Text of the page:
Nursing Neighborhood in Hospital Like Our Own neighborhood Where We Live

Posted 2 April 2015 12:50 PM by TCAuthor3

By Dorothy Erdmann, CEO, Shawano Medical Center

Today’s hospital patient population in Shawano is, on average, sicker and more elderly than in past decades. These two factors, combined with the stress of being in an unfamiliar environment and changes in medications, can cause many of our patients to feel restless and confused. When a person tries to get out of bed on his or her own, the risk of falls and injury is quite high.

As we designed the floor plan for ThedaCare Medical Center-Shawano, we made it priority to consider the people we now serve, and how our patient population is expected to shift in the future. One of our goals was to personalize the level of care so that patients at high risk for becoming agitated or falling have more supervision and help. Here are several steps we’ve taken achieve this patient safety goal:

  • At the new TCMC-Shawano, each patient care unit will be served by four small nursing hubs, or nursing neighborhoods, where nurses are stationed just steps away from a small number of patient rooms. This means nurses can respond more quickly to calls, and they get to know the individuals in their “neighborhoods” better.
  • We will continue to implement our no- pass system, which requires all staff to stop at a patient’s room whenever he or she sees a call light, even if the patient is not assigned to his or her care. The no-pass program means that patients get the quickest personal response possible, even if the first person to respond needs to call for help to complete the patient’s request.
  • The TCMC-Shawano patient calls will be received on individual nurses’ wireless phones, not simply at the nurse’s station or as a light outside a patient’s door. For patients at high risk, specialized alarms integrated into the hospital bed will alert staff if that person is trying to get out of bed. All of the new patient beds will be equipped of these differentiated alarms, to be set only as needed.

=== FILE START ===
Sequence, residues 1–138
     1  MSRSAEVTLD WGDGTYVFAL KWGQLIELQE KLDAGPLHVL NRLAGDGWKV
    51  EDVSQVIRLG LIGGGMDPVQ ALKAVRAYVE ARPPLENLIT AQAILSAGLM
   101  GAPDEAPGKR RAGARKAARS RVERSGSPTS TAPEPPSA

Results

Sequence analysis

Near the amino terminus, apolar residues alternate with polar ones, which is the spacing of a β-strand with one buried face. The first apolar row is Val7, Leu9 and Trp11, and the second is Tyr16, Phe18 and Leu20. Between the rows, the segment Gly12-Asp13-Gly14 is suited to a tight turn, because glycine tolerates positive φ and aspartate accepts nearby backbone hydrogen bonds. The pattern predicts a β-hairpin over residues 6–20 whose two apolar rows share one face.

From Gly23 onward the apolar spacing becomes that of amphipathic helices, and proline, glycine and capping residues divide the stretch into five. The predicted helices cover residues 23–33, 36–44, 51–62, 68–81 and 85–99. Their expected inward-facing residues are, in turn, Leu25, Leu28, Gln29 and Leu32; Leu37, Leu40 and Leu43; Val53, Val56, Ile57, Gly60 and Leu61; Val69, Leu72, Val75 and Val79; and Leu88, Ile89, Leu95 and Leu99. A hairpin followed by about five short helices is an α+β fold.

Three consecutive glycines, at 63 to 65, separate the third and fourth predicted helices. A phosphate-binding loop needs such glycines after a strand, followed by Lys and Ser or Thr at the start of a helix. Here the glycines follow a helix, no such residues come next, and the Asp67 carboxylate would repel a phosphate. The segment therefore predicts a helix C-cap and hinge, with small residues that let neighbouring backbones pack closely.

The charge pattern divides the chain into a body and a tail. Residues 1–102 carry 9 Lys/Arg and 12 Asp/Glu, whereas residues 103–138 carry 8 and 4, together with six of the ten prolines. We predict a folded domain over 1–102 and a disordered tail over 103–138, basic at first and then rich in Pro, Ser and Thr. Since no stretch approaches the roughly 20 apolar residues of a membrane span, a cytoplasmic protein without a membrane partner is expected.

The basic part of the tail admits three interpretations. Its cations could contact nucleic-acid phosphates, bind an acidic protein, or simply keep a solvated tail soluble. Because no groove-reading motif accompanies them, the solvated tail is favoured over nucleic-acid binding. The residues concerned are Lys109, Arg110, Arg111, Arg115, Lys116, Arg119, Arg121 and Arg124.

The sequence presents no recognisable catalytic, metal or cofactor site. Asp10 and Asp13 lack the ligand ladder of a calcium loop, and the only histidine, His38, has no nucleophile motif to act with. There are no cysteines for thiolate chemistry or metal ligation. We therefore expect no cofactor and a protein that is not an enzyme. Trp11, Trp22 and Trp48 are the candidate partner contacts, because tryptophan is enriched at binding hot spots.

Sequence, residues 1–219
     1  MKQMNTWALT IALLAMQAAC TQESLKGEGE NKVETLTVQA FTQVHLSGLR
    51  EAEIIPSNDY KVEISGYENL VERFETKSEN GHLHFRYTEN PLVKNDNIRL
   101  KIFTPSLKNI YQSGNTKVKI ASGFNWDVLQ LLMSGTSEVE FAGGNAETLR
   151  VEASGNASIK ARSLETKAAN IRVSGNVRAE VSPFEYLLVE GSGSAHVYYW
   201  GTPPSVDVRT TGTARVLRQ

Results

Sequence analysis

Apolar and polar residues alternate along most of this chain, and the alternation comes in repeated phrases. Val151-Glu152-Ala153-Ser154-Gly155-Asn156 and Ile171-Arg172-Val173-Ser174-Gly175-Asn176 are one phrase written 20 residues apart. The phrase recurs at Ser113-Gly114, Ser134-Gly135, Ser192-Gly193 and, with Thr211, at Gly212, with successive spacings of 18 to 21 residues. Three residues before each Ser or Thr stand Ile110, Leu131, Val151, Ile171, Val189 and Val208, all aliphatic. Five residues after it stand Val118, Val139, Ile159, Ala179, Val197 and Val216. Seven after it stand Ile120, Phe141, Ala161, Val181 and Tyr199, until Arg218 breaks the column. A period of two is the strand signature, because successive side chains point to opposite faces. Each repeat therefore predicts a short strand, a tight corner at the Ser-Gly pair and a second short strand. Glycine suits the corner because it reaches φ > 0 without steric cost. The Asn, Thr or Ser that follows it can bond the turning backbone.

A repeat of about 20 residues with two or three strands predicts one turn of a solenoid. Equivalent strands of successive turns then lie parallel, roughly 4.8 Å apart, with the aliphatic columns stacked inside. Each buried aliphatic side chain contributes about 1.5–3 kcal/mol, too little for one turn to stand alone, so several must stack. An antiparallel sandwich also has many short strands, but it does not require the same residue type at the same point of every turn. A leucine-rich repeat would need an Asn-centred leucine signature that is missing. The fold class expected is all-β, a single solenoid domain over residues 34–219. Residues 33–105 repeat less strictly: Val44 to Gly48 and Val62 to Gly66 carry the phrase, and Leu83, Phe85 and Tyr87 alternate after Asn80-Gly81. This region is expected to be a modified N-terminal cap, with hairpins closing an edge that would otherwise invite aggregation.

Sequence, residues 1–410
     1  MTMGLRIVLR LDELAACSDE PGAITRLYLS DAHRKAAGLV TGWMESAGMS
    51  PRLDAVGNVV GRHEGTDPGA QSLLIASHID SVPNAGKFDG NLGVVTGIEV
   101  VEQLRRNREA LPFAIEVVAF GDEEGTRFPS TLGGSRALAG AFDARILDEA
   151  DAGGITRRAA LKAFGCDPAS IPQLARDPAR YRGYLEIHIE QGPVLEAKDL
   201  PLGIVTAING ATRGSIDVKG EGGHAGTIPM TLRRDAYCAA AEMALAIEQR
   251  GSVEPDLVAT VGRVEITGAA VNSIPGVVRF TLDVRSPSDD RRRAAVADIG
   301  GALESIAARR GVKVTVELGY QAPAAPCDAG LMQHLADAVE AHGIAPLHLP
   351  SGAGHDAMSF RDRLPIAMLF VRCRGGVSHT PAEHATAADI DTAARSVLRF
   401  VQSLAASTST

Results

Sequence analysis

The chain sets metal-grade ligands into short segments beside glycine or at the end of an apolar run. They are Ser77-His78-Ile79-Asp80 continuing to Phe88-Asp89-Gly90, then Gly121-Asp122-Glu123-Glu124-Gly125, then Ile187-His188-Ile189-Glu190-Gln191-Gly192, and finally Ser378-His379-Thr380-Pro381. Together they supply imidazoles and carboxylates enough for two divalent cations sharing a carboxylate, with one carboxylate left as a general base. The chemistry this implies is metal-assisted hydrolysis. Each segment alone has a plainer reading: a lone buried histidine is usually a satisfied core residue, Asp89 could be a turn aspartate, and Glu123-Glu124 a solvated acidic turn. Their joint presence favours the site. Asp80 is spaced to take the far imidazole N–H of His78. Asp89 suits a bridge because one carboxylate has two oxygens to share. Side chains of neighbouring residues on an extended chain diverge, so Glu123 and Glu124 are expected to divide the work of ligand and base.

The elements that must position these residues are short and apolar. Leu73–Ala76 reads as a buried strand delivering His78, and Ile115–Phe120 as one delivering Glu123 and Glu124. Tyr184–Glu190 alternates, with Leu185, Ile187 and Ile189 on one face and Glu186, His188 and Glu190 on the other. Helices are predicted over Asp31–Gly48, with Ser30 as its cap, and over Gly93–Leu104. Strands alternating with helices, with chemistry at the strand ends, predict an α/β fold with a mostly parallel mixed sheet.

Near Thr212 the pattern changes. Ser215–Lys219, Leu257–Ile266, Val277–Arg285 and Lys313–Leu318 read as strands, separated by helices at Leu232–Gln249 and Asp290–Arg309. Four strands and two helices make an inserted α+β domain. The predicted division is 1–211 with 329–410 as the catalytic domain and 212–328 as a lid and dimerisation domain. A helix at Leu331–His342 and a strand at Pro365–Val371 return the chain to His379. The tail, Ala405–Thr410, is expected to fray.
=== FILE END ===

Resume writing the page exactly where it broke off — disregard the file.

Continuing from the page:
• Very high risk patients may benefit from a sitter, or a caregiver who stays with the patient in his or her room.  We’ve noticed that this program is especially reassuring to family members who may already be exhausted from their caregiving duties at home. They are reassured by the level of care we can give to their loved ones, and they, too, can get some well-deserved rest.

The nursing neighborhood design of our new hospital reminds me of the way our own families and neighborhoods work. When we are close to people, we know their routines, preferences and needs. A newspaper left on her stoop too long might mean we should check on the elderly neighbor next door. Every parent knows when his or her child suddenly looks “not quite right” with the onset of illness. Some people want to hold a hand during difficult times, while others prefer to rest quietly alone. As our nurses continue to provide expert and compassionate care in our hospital, we are happy to provide them, and our patients, with a new layout to better know and care for our neighbors and families.